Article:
16 Sep Care19 app aims to slow the state’s spread of virus
An NDSU alumnus is an important player in North Dakota’s fight against COVID-19.
Tim Brookins, BS ’87, MS ’90, electric and electronic engineering, is the founder of ProudCrowd LLC, a software company that has developed the state’s new Care19 Alert app. The smartphone app designed to notify users of possible COVID-19 exposure while protecting their privacy. It uses exposure notification tech developed by Apple and Google.
“I hope that Care19 Alert can play a part in helping us return to a more normal existence, in a responsible way,” said Brookins, who also is a principal software engineer for Microsoft Corp. “Covid-19 has upended our way of life in many ways, with few easy solutions. Solutions like social distancing and business closures help save lives, but tradeoff our traditional our way of life. I’m happy to work on Care19 Alert because it’s one of the few approaches that can help slow the spread of COVID-19 with little to no impact on our personal freedoms.”
The company partnered with the North Dakota Department of Health to create the app, which is free and can be downloaded through the App Store and the Google Play Store. The project was funded through the federal Coronavirus Aid, Relief, and Economic Security (CARES) Act.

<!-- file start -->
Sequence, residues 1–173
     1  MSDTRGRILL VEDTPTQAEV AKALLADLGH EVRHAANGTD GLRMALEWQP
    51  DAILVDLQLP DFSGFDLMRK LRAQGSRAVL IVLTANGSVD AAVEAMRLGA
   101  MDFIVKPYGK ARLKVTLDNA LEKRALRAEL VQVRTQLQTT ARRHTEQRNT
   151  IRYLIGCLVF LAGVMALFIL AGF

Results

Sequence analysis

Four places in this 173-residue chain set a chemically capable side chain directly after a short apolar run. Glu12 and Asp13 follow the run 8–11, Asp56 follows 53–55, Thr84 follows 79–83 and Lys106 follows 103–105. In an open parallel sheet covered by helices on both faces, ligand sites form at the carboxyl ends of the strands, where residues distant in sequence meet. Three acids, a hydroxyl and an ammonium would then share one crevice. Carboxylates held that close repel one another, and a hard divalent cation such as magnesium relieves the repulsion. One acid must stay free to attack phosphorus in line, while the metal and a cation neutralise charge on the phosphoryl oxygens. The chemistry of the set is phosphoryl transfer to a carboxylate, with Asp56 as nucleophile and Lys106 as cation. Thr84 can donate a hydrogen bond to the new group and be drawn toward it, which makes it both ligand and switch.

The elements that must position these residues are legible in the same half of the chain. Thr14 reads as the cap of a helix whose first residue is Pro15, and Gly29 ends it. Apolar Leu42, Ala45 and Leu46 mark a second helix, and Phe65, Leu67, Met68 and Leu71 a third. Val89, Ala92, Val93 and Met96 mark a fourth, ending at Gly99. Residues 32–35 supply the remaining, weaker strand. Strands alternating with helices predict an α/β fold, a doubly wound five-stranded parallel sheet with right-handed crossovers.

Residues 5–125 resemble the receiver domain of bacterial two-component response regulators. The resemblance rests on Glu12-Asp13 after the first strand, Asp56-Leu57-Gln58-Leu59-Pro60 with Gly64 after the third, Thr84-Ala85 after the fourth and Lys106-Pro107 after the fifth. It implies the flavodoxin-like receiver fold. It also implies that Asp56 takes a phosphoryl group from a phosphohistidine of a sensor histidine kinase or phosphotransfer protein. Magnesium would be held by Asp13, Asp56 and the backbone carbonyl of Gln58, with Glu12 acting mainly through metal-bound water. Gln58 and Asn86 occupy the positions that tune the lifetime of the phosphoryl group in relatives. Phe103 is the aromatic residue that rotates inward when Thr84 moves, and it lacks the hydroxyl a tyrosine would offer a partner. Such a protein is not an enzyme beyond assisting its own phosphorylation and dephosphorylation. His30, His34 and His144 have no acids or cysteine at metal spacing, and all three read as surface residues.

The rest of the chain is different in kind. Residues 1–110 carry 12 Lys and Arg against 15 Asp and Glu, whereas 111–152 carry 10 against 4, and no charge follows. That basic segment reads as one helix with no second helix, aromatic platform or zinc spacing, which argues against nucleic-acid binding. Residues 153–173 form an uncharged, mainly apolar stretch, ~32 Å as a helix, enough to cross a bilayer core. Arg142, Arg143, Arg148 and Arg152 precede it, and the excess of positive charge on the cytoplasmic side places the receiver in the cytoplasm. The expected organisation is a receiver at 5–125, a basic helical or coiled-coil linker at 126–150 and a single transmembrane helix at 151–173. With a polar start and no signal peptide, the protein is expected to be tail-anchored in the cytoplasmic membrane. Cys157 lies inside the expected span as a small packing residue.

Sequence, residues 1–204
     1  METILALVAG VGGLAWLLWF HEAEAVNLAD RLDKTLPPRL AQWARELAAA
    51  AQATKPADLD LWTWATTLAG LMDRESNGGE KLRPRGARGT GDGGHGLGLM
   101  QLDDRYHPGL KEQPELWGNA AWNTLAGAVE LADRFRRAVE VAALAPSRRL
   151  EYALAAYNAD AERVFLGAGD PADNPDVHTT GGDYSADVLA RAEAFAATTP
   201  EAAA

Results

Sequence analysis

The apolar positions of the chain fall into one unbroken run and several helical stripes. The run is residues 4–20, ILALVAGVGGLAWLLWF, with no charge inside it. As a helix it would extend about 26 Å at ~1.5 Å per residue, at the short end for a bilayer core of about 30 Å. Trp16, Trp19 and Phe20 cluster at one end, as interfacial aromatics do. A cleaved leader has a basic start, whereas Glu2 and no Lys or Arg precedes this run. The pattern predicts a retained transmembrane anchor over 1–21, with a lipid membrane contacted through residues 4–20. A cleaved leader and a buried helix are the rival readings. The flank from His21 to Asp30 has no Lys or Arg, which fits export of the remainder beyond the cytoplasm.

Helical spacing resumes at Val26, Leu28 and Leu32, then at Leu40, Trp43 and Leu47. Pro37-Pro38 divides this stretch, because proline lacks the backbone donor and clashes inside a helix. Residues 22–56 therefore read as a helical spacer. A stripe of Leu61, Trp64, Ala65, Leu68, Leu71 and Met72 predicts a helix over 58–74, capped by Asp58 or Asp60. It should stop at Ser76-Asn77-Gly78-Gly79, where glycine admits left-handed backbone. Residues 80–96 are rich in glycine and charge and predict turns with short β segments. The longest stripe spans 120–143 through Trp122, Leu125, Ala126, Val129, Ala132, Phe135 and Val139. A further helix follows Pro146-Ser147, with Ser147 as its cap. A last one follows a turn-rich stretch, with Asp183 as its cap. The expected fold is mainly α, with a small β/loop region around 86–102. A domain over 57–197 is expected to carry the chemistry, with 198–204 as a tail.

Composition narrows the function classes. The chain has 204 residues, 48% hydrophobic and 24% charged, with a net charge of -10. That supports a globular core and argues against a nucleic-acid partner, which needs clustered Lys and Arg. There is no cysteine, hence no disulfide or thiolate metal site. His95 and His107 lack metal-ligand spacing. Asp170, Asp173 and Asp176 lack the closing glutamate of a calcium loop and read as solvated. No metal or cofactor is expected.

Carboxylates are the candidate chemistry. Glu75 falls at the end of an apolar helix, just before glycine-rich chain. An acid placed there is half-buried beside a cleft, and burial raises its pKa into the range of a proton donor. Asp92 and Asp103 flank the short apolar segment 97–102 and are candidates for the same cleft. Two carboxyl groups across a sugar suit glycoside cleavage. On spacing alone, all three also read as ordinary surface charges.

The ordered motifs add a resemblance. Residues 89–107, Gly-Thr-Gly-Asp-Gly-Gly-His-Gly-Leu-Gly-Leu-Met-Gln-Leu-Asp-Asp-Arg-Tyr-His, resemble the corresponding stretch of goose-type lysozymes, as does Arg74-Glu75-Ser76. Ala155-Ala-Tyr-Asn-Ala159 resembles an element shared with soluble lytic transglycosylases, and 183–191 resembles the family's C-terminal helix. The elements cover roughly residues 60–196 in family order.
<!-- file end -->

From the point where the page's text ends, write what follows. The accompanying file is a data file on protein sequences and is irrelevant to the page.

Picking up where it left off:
Care19 Alert users will be notified if their device was in proximity of another device whose user tests positive for COVID-19. The app updates daily with positive results submitted by other users, which are then checked against the list of random keys that each device has encountered for more than 15 minutes in the past 14 days.
According to Brookins, the app is simple to use.
“Load the app on your phone and forget about it. Go about your life and the app can let you know if you were around someone who tests positive for COVID-19,” he said. “The notification to you is anonymous and the actions you take based on that notification are entirely up to you.”
Care19 Alert is the first exposure notification app to connect with the National Key Server provided by the Association of Public Health Laboratories. That feature allows different states’ apps to communicate with each other, protecting North Dakotans when they are traveling across state borders or when visitors to North Dakota subsequently become COVID-19 positive.